Mailing address to which replacement parts must be shipped, if required
•
Site ID of the network where the site is deployed
•
Contract ID to identify the service contract of the customer with the service provider
Table 34-2 describes the short text formatting option for all message types.
Table 34-2
Short Text Messages
Data Item
Description
Device identification
Configured device name
Date/time stamp
Time stamp of the triggering event
Error isolation message
Plain English description of triggering event
Alarm urgency level
Error level such as that applied to system message
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Table 34-3, Table 34-4, and Table 34-5 display the information contained in plain text and XML
messages.
Table 34-3
Reactive Event Message Format
Data Item
Description
(Plain text and XML) (Plain text and XML)
XML Tag
(XML only)
Time stamp
/mml/header/time
Date and time stamp of event in ISO time notation:
YYYY-MM-DDTHH:MM:SS.
Note
The time zone or daylight savings time (DST) offset from UTC
has already been added or subtracted. T is the hardcoded limiter
for the time.
Message name
Name of message.
/mml/header/name
Message type
Specifically “Call Home.”
/mml/header/type
Message group
Specifically “reactive.”
/mml/header/group
Severity level
Severity level of message.
/mml/header/level
Source ID
Product type for routing.
/mml/header/source
Device ID
Unique device identifier (UDI) for end device generating message.
/mml/ header/deviceId
This field should empty if the message is non-specific to a fabric switch.
Format: type@Sid@serial, where
•
Type is the product model number from backplane SEEPROM.
•
@ is a separator character.
•
Sid is “C” identifying serial ID as a chassis serial number.
•
Serial number as identified by the Sid field.
Example: “DS-C9000@C@12345678
Customer ID
Optional user-configurable field used for contract info or other ID by
any support service.
/mml/ header/customerID
Contract ID
Optional user-configurable field used for contract info or other ID by
any support service.
/mml/ header /contractId
Site ID
Optional user-configurable field used for Cisco-supplied site ID or
other data meaningful to alternate support service.
/mml/ header/siteId
Server ID
If the message is generated from the fabric switch, it is the unique
device identifier (UDI) of the switch.
/mml/header/serverId
Format: type@Sid@serial, where
•
Type is the product model number from backplane SEEPROM.
•
@ is a separator character.
•
Sid is “C” identifying serial ID as a chassis serial number.
•
Serial number as identified by the Sid field.
Example: “DS-C9000@C@12345678
Message description Short text describing the error.
/mml/body/msgDesc
Device name
Node that experienced the event. This is the host name of the device.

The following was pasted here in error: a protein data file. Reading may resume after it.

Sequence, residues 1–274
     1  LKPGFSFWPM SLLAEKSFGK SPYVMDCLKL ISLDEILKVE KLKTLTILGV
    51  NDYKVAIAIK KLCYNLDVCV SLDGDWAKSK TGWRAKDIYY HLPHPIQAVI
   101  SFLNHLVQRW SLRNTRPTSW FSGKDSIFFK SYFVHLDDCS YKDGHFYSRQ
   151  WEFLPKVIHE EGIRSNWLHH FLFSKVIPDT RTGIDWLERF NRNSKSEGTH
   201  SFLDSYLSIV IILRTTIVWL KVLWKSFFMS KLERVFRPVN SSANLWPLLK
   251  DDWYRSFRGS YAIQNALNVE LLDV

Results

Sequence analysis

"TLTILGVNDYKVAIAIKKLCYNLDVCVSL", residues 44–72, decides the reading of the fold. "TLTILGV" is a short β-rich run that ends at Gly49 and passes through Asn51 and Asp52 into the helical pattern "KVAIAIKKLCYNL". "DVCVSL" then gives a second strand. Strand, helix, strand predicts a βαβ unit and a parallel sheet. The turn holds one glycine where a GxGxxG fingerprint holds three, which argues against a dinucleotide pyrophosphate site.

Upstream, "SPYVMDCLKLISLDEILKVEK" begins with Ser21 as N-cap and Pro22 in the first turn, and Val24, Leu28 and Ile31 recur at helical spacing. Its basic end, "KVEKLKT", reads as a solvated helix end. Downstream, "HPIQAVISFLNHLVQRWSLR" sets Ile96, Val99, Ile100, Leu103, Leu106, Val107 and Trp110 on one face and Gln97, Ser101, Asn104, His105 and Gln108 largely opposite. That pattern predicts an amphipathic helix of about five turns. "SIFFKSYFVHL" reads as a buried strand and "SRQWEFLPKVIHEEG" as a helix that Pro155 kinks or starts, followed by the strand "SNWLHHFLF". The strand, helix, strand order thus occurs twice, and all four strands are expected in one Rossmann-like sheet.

/mml/body/sysName
Contact name
Name of person to contact for issues associated with the node
experiencing the event.
/mml/body/sysContact
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Table 34-3
Reactive Event Message Format (continued)
Data Item
Description
(Plain text and XML) (Plain text and XML)
XML Tag
(XML only)
Contact e-mail
E-mail address of person identified as contact for this unit.
/mml/body/sysContactEmail
Contact phone
number
Phone number of the person identified as the contact for this unit.
/mml/body/sysContactPhone
Number
Street address
Optional field containing street address for RMA part shipments
associated with this unit.
/mml/body/sysStreetAddress
Model name
Model name of the switch. This is the specific model as part of a product /mml/body/chassis/name
family name.
Serial number
Chassis serial number of the unit.
/mml/body/chassis/serialNo
Chassis part number Top assembly number of the chassis.
/mml/body/chassis/partNo
Chassis hardware
version
Hardware version of chassis.
/mml/body/chassis/hwVersion
Supervisor module
software version
Top level software version.
/mml/body/chassis/swVersion
Affected FRU name Name of the affected FRU generating the event message.
/mml/body/fru/name
Affected FRU serial Serial number of affected FRU.
number
/mml/body/fru/serialNo
Affected FRU part
number
Part number of affected FRU.
/mml/body/fru/partNo
FRU slot
Slot number of FRU generating the event message.
/mml/body/fru/slot
FRU hardware
version
Hardware version of affected FRU.
/mml/body/fru/hwVersion
FRU software
version
Software version(s) running on affected FRU.
/mml/body/fru/swVersion
Command output
name
The exact name of the issued command.
/mml/attachments/attachment/
name
Attachment type
Specifically command output.
/mml/attachments/attachment/
type
MIME type
Normally text or plain or encoding type.
/mml/attachments/attachment/
mime
Command output
text
Output of command automatically executed.
/mml/attachments/attachment/
atdata
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Table 34-4
Inventory Event Message Format
Data Item
Description
(Plain text and XML) (Plain text and XML)
XML Tag
(XML only)
Time stamp
/mml/header/time
Date and time stamp of event in ISO time notation:
YYYY-MM-DDTHH:MM:SS.
Note
The time zone or daylight savings time (DST) offset from UTC
has already been added or subtracted. T is the hardcoded limiter
for the time.
Message name
Name of message. Specifically “Inventory Update.”
/mml/header/name
Message type
Specifically “Inventory Update.”
/mml/header/type
Message group
Specifically “proactive.”
/mml/header/group
Severity level
Severity level of inventory event is level 2.
/mml/header/level
Source ID
Product type for routing at Cisco. Specifically “MDS 9000.”
/mml/header/source
Device ID
Unique Device Identifier (UDI) for end device generating message.